As lawyers, we get to debate some of the most pressing questions of our time: The limits of Congress's commerce power. The reach of the Due Process Clause. "Pleaded" versus "pled."
Yes, you read that right: There is a bitter, friend-splitting debate raging among lawyers about whether to use "pleaded" or "pled." (For our part, we almost ended up at Weehawken over the row.) Both words get a lot of play in legal writing. We think that it's time for one usage to rule them allbut we disagree about which word to send to the dustbin. Chandler always uses "pled." Boone always uses "pleaded." The gloves are off.
But first, some context. We (Chandler and Boone) appreciate good writing, including a conversational tone. We both detest legaleseour jargon detectors go off when we see "herein," "instant case," or "prior to." Neither of us starts sentences with "However""But" is better. But on pleaded-pled we disagree.
Here are our competing views:
(The minority viewor as Boone calls it, the "you've-watched-too-many-episodes-of-Law & Order" view):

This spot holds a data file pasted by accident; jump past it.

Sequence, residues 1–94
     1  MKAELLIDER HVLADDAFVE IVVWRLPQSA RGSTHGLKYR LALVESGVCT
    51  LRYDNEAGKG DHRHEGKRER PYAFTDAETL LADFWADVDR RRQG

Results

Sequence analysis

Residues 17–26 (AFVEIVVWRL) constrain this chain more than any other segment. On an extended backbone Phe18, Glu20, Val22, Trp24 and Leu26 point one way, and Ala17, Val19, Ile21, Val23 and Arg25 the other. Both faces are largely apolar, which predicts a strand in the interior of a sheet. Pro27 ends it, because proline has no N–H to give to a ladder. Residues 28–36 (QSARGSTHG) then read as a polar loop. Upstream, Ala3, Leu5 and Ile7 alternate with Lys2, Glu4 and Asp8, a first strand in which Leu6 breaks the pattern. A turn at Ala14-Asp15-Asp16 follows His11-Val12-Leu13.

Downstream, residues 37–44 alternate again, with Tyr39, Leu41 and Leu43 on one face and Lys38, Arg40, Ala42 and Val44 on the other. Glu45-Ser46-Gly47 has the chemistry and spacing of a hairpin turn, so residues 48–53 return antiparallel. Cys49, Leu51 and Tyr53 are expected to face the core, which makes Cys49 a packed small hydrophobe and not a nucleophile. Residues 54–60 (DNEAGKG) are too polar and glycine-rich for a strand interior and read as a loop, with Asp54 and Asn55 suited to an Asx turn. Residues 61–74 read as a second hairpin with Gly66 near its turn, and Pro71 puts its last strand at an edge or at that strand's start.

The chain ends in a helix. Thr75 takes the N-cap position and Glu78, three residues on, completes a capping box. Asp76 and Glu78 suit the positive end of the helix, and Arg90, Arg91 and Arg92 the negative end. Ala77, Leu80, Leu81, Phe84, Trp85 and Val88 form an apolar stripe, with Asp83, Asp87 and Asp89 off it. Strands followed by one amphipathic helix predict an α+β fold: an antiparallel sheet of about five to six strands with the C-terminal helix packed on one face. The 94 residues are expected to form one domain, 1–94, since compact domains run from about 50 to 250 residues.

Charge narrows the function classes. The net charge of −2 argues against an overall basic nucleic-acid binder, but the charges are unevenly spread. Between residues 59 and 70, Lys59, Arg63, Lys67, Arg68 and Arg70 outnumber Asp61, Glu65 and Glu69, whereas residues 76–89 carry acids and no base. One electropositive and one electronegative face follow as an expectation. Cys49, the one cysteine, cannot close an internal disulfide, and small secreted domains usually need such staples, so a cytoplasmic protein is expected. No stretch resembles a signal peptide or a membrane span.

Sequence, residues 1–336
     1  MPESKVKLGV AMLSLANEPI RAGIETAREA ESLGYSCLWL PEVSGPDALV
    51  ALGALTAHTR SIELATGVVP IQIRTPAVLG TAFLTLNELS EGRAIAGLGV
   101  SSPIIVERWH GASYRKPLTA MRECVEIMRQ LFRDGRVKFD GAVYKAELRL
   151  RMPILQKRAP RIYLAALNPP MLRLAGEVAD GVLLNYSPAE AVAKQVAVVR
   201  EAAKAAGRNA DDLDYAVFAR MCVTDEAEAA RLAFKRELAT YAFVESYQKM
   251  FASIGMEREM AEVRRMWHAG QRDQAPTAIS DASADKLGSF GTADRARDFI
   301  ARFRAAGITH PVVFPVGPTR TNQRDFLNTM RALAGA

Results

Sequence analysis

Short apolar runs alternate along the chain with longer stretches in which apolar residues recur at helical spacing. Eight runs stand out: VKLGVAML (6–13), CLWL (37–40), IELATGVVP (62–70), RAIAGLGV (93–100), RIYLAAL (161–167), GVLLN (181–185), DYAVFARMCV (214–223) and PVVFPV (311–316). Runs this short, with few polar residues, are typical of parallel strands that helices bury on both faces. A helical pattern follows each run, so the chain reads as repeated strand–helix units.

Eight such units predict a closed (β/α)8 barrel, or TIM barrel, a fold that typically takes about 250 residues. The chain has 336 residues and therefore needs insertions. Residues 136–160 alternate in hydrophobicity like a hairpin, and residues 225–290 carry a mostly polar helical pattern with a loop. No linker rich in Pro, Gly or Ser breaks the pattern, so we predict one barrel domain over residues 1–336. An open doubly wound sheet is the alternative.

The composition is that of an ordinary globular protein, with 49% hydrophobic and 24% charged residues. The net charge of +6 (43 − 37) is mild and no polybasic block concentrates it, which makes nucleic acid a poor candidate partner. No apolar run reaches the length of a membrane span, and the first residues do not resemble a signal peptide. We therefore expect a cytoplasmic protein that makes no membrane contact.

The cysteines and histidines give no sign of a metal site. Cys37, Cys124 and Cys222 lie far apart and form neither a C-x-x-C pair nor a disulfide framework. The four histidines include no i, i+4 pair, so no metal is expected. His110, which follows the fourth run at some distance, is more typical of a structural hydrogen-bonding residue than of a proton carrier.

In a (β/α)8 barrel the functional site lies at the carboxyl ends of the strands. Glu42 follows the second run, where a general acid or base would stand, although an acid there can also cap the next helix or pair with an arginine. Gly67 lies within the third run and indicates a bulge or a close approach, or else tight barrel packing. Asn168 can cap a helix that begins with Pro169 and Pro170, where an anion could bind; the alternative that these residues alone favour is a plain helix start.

Use "pled." Boone needs to get out more"pleaded" may seem fine on paper, but lawyers chuck the word when they head to court. A lawyer arguing a motion to dismiss doesn't say, "They haven't pleaded scienter." He says, "They haven't pled scienter."
I know, I know: Bryan Garner says that "pleaded" is the "predominant form in American English."1 But does the guy listen to people talk? Nobody says "pleaded." Everybody says "pled"and not just the good folks on Law & Order. "Pled" just sounds better to the ear.
Twice, legal tabloid/blog Above the Law has asked its readers which they prefer"pleaded" or "pled."2 Twice, strong majorities chose "pled." Check Westlaw or Lexis, and you'll find that judges use "pled" more often than "pleaded."3
Moreover, it's not like "pled" is the legal-writing equivalent of texting's "OMG"heck, even Edmund Spenser used "pled" way back in 1596.4 And Michael Quinion, the famous British etymologist and writer who runs the website World Wide Words, describes "pled" as the American strong-verb form of the past tense of "to plead."5